In Praise of Praise, Part 2
This is a continuation of the previous blog post:
We should not hesitate to relay to someone a positive remark that a third party has made about the person. To pass on praise is to do a friend a favor. Ego inflation is one kind of inflation we should not fear today. Most of us could use a little.
We can give people a lift by complimenting them on their appearance. We could save out friends the trouble of looking in the mirror or windows so often if we reassured them that they were lovely. We could instill a sense of pride in children by telling them that they look beautiful. Anyone will perform before others with increased confidence if we support him or her with a “You look great!”
Judy was a gawky, gangling adolescent. When I passed her on the street, I saw a poised young lady. Spontaneously, I called out, “Judy.” She turned. I tried in vain to express my new impression of her, but ended up by saying, “Your hair looks so nice today.” Later that day I again spotted Judy approaching. Even at a distance she broke into a radiant smile when she saw me. I’m sure she was recalling the morning’s compliment.
A job well done is always deserving of praise, but we don’t always think to bestow it. Someone who gets no reaction to a performance will wonder if he or she made a mistake. The person will begin to doubt himself or herself and finally may quit trying. Half the glory of trying and succeeding is receiving expressed admiration.
More important than praising what people look like or what they do is praising what they are. A widow friend of my family used to begin her cards and notes to us with, “Hello, nice people.” That greeting gave us such a good feeling. It’s so easy to say, “How calm you were in handling that situation,” or, “I wish I had your tact,” or, “You’re such a good mother to those two boys.” First graders aren’t the only ones who need gold stars from time to time.
We should praise the people we know best, the people closest to us. Ironically, these are the ones we take for granted, just as we at our school overlooked Mollie when doling out praises. When did you last praise your spouse? Your sister? Your mother? Your child? Your best friend? Your employee? If we don’t take the responsibility for them, who will?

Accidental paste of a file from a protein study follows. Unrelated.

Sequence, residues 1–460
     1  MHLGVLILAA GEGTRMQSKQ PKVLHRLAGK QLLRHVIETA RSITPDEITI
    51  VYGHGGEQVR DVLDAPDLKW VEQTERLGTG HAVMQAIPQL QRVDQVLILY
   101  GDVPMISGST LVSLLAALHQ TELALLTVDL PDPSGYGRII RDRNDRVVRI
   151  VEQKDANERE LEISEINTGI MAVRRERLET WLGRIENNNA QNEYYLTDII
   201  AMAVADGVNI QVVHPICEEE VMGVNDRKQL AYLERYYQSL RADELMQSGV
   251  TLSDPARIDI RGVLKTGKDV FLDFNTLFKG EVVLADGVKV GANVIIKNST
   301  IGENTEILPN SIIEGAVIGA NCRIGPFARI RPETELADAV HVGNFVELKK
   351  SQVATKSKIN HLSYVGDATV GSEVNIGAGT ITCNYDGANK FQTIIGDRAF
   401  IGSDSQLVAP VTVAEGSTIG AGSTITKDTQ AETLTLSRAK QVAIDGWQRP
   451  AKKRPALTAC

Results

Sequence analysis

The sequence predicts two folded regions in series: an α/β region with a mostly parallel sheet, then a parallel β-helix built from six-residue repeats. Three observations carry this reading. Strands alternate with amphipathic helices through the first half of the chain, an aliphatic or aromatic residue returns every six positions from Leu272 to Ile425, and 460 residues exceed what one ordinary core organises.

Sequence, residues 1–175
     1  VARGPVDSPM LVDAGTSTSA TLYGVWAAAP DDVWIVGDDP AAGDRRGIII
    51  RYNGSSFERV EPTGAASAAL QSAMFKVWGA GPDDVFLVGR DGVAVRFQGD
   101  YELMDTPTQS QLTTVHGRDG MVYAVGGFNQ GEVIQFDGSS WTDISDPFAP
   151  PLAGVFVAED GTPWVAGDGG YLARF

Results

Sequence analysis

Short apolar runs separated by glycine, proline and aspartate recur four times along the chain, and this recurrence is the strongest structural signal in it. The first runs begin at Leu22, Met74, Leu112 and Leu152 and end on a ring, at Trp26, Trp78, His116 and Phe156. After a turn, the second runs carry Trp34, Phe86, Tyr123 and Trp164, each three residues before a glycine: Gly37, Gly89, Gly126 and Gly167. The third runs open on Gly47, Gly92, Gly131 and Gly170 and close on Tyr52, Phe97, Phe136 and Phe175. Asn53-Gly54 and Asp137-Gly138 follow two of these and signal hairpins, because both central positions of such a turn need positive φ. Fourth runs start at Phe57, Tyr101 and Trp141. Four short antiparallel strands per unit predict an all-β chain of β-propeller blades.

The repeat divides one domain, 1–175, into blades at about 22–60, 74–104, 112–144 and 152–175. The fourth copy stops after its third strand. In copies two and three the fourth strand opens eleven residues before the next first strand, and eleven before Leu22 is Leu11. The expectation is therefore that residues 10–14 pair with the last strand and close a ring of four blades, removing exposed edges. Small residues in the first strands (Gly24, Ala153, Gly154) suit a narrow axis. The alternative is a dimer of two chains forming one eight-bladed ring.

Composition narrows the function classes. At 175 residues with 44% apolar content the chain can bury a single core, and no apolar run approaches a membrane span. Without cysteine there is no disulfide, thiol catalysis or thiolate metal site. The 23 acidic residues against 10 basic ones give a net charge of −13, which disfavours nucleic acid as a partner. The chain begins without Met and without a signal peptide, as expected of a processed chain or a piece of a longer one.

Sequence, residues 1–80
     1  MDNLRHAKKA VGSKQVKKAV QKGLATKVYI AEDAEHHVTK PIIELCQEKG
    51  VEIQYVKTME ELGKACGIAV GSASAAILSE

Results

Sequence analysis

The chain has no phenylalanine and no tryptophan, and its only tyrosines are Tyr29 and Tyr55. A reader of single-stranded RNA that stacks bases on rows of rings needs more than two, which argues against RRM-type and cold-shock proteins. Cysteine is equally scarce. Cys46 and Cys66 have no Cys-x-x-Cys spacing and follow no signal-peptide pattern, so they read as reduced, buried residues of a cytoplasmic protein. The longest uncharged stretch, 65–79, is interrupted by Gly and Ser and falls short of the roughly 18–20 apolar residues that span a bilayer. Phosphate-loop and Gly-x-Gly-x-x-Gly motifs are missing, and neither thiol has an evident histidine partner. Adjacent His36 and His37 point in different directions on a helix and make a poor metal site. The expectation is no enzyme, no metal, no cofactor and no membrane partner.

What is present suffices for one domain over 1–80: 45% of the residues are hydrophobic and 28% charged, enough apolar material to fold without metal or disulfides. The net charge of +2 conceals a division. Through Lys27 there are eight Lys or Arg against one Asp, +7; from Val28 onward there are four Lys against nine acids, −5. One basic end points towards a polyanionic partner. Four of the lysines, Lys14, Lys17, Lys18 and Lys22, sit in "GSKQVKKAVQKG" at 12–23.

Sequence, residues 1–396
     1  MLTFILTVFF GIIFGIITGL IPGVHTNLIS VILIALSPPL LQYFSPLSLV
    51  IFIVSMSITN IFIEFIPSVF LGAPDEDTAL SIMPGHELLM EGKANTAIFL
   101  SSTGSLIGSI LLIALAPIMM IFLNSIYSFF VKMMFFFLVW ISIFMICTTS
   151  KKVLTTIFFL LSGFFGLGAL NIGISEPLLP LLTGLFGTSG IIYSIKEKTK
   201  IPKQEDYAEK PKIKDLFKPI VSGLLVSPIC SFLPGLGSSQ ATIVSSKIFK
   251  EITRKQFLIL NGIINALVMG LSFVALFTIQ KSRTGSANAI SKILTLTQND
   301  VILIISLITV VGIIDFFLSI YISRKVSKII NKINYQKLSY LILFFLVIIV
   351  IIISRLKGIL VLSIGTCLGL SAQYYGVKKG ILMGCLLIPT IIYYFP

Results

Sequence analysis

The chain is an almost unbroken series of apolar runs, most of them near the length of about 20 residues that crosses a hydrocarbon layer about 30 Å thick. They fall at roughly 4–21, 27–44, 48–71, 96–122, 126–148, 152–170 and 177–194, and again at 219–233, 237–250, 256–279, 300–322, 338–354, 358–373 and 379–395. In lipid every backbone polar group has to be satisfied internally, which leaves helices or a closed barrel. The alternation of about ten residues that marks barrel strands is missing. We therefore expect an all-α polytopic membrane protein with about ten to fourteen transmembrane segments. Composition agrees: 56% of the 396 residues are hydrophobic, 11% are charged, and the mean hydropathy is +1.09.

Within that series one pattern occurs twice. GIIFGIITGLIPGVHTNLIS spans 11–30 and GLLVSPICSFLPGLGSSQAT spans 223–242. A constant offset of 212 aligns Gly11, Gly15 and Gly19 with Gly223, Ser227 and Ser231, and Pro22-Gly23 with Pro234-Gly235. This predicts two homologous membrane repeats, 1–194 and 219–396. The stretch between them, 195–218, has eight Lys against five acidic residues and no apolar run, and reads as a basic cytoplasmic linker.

Those least likely to win praise are those who need it most: the quiet child, the unassuming worker, the slow student, the three-footed athlete. We should look for the beauty in these persons and let them know we’ve found it.
Matthew, a shy first-grader , was definitely not one of the jocks in the class. When the gym teacher taught the class how to stand on their heads, Matthew did it so easily and so well that the teacher raved about it and his classmates clapped for him. After that, whenever his parents were looking for Matthew at home, they looked for his feet in the air so proud was he that he had won acclamation.
We should not overlook praising people who have tried, but failed. When we praise them for their effort, we compensate somewhat for their loss. Creative persons are ingenious at producing compliments to smooth over awkward situations. They tell someone who has muffed his lines in a play that he exhibited marvelous stage presence. They say to someone who fails, “How gracefully you did that!” They have a knack for transforming embarrassing moments into small triumphs.
One of the saddest lines in literature is Wordsworth’s description of Lucy who lived where no one trod. For her “there were none to praise.” Luckily, most of us are surrounded by others who can join with us in a support system of praise. All it takes is a little optimism, thoughtfulness and love—beautiful qualities I’m sure a nice person like you has.
When has someone praised you and boosted your confidence?
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